Can Small Changes Matter? Reducing Cognitive Load in Educational Media Supports Low-Income Preschoolers’ Vocabulary Learning

Preeti G. Samudra, Kevin M. Wong, Susan B. Neuman

Research output: Contribution to journalArticlepeer-review


Preschoolers can learn vocabulary from educational videos, but children from low-income backgrounds often do not learn as effectively as their higher income peers. We investigated whether adding attentiondirecting cues to media (Study 1) and slowing the pacing of media (Study 2) supported vocabulary learning for preschoolers from low-income homes. We hypothesized that children would benefit from the reduced top-down processing demands in Study 1 (N = 80), and from the additional processing time in Study 2 (N = 70). Both studies utilized counterbalanced within-subjects designs with each child participating in both the experimental (added cues or slowed pacing) and control condition. Results showed that children performed better on receptive vocabulary posttests when attention cues were added (Study 1) and when the pacing was slower (Study 2) compared with the controls, though effects sizes were small. There were no differences by condition for expressive vocabulary. In Study 2 (slower pacing), we measured visual attention to videos using eye-tracking to see if the slow pacing could sustain children’s attention to the video as effectively as the standard pacing. No differences in attention were observed between the slower and standard paced videos. However, attention predicted learning more strongly in the standard paced videos than the slower paced videos, suggesting that visual attention was less of a limiting factor for learning in the slower paced videos. Overall, findings suggest that reducing the cognitive load of educational media can be beneficial for vocabulary learning for children from lowincome homes.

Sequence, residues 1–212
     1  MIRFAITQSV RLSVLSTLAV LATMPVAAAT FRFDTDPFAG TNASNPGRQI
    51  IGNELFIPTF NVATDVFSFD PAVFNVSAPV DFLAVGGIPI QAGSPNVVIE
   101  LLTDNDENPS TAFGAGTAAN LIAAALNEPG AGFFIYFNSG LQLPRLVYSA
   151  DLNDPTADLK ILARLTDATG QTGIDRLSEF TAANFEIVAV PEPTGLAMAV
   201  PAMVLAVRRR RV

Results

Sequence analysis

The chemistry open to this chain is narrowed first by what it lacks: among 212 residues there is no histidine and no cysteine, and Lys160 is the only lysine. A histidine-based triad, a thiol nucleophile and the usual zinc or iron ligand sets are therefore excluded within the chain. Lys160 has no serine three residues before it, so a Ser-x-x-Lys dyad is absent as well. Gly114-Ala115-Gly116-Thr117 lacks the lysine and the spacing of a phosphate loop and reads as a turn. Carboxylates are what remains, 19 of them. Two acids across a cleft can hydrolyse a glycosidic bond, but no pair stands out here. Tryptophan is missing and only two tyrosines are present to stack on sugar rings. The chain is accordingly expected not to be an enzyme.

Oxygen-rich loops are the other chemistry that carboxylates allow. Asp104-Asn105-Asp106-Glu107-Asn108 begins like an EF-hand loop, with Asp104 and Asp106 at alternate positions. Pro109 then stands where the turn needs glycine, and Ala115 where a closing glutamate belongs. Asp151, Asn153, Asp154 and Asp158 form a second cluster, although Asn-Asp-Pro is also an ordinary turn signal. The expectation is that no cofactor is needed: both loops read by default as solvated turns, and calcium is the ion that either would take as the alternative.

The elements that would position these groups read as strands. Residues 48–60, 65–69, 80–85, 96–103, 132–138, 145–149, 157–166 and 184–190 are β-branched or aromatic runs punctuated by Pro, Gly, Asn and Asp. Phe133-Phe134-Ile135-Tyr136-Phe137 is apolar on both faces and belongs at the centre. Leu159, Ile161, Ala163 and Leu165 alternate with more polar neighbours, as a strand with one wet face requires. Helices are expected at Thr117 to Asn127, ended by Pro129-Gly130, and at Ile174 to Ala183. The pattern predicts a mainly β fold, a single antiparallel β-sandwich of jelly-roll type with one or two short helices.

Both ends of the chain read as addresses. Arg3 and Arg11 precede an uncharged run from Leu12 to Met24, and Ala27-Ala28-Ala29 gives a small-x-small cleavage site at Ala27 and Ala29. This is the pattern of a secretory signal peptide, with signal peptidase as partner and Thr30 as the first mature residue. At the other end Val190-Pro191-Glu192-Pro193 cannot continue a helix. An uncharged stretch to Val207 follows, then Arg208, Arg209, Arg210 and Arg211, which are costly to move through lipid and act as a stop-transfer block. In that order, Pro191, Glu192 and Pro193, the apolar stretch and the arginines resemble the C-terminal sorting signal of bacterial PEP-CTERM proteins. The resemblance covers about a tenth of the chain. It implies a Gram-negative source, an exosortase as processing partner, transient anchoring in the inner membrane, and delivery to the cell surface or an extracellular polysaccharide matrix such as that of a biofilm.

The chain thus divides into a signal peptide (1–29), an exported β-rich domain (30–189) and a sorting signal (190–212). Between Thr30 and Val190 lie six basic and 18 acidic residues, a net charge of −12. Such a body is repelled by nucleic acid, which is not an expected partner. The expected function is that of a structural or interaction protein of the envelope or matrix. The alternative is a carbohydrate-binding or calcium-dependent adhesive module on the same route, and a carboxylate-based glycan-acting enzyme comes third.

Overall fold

Original languageEnglish (US)
Pages (from-to)1277-1291
Number of pages15
JournalJournal of Educational Psychology
Issue number6
StatePublished - 2022


  • Attention cues
  • Cognitive load
  • Educational media
  • Pacing
  • Vocabulary

ASJC Scopus subject areas

  • Education
  • Developmental and Educational Psychology


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